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Our free Online Website Check checks individual web pages for possible errors and optimization potential. In a detailed overview you will receive information and suggestions for optimizing your website.
In addition to the meta elements (also: metadata or meta tags), we analyze the structure, technology and configuration of the page and determine a total score on the basis of these individual values - which enables ranking in comparison to other analyzed websites.
In this part of our small Website Check Guide we take care of the meta elements of a website.
If you want to quickly check how your website performs, you can open our Online Website Check in a new window and test your pages.
The meta elements (often, although actually called meta tags) are located in the header area of a website, i.e. in its head element.
They transmit structured data about the website to browsers and search engines. They are intended to make it easier for search engines to search websites using robots from search engines. After years of misuse by using misleading keywords and the like, search engines usually recognize quickly if the content of the metadata does not match the content of the actual page and punish these pages with a lower ranking. However, the correct use of meta elements is still important for search engine optimization (SEO).
The title tag is an important meta element for search engine optimization. It should not only contain the most important keyword of the individual website, but should also be meaningful and inviting, and not exceed the length of about 60 characters.
This sounds complicated at first, but the effort is worth it. Let's take a closer look at the individual aspects.
a) The reason for the limited length of the page title is the representation on the search result pages of e.g. Google. The available width is currently (summer 2016) limited to 600 pixels, all other characters are cut off. A width of exactly 600 pixels is of course difficult to achieve, especially since it also depends on the characters used: An "i" requires less space than an "m". The rule of thumb is about 60 characters. Most word processing programs already contain a character counter that indicates the number of characters. Our Website Check also displays the number of characters.
b) The keyword in the title of our single page not only tells the search engine immediately which topic it deals with and helps it with indexing, the user can also recognize it immediately. The title is - as already mentioned above - displayed on the search result lists. A crisply formulated title tag can attract visitors to the site - a potential that should not be given away.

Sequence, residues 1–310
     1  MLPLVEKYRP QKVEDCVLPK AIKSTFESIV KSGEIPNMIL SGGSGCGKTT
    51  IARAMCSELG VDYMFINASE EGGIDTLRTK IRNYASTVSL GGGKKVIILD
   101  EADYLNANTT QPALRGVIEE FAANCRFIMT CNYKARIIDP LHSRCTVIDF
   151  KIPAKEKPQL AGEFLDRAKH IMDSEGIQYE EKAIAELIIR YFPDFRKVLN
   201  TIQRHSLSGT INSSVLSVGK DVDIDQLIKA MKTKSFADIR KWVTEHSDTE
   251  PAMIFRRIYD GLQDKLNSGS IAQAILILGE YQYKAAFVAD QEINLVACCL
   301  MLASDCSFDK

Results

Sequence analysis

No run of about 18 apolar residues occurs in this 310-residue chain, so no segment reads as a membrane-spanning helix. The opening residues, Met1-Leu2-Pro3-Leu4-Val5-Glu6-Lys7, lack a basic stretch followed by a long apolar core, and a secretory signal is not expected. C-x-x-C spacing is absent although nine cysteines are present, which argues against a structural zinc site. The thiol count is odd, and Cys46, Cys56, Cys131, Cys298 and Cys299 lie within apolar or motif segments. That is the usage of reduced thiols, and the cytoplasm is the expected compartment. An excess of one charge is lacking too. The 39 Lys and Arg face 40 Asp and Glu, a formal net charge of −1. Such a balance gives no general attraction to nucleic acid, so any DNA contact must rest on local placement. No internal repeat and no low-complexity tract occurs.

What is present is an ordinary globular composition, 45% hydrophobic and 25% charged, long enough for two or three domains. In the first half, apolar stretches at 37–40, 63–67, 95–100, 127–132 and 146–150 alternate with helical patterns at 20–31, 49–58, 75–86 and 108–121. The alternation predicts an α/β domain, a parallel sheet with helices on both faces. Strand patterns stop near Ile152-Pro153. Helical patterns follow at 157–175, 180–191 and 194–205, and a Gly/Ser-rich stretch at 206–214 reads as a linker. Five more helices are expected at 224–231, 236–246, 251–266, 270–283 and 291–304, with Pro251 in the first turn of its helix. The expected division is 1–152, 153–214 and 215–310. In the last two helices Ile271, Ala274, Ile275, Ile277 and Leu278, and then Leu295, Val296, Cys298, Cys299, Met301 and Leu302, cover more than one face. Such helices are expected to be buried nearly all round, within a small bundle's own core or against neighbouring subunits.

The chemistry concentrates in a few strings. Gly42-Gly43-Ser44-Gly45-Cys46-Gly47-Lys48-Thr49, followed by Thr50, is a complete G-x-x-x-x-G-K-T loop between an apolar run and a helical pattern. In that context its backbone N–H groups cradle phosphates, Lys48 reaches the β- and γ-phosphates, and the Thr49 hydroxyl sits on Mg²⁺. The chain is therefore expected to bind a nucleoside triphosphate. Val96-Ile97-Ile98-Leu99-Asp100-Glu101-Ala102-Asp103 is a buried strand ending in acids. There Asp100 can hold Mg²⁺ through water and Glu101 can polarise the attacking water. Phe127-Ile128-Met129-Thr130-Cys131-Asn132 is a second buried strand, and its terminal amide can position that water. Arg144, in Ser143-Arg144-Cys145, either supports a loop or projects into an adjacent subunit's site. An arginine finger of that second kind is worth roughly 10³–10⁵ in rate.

The page description is also important for the SEO optimization of a website. This is the text that appears in the search results directly below the title tag and URl of the website. Also here applies: Use the most important keyword of the page, insert an appealing text and pay attention to the length. With the Description tag, the optimal length is between 110 and 156 characters, everything beyond that is cut off by a search engine such as Google. The page description should briefly describe the content of the individual page using the keyword and reflect its content. Here, too, the more inviting the text is formulated, the more often the page will be visited by users who come via Google.
Web pages called up are stored by the user's browser in the cache, the so-called browser cache. This saves loading time, as the page does not have to be reloaded completely every time. A disadvantage, however, is that the memory can possibly display data that is no longer up-to-date. The meta specification "Expires" can be used to force the data to be loaded from the original server rather than from the cache. This can be helpful if the data is changed very frequently.
Example: <meta http-equiv="expires" content="0"> forces loading from the original server.
content="O" sets the number of seconds when to load the original file from the server to 0. Alternatively, other numerical values can be used here.
However, some browsers, especially Internet Explorer, are immune to these values and still use their cache.
Web pages optimized for mobile devices require the configuration of the viewport in the header to be displayed correctly. Both the setting of fixed widths and flexible display areas are possible.
Usually the flexible setting is the better choice because the website adapts to the display width of the device.
Example for the flexible specification: <meta name=viewport content="width=device-width, initial-scale=1">
The meta element "robots" shows the search engine or its crawler whether the respective page may be searched and indexed. There are two possible sources of error.
a) We want the website to be searched, but in the meta tag "robots" it is set to noindex, nofollow: If the website and its subpages are not indexed despite all efforts of Google, this could be the problem.
b) The website should not be searched and indexed and the robots is set to noindex, nofollow. The error could be that other sites link to this page. In this case the noindex, nofollow statement is ignored by the search engine.
If a website is not indexed despite correct information in the "robots" tag, the reason can also be the configuration file "Robots.txt".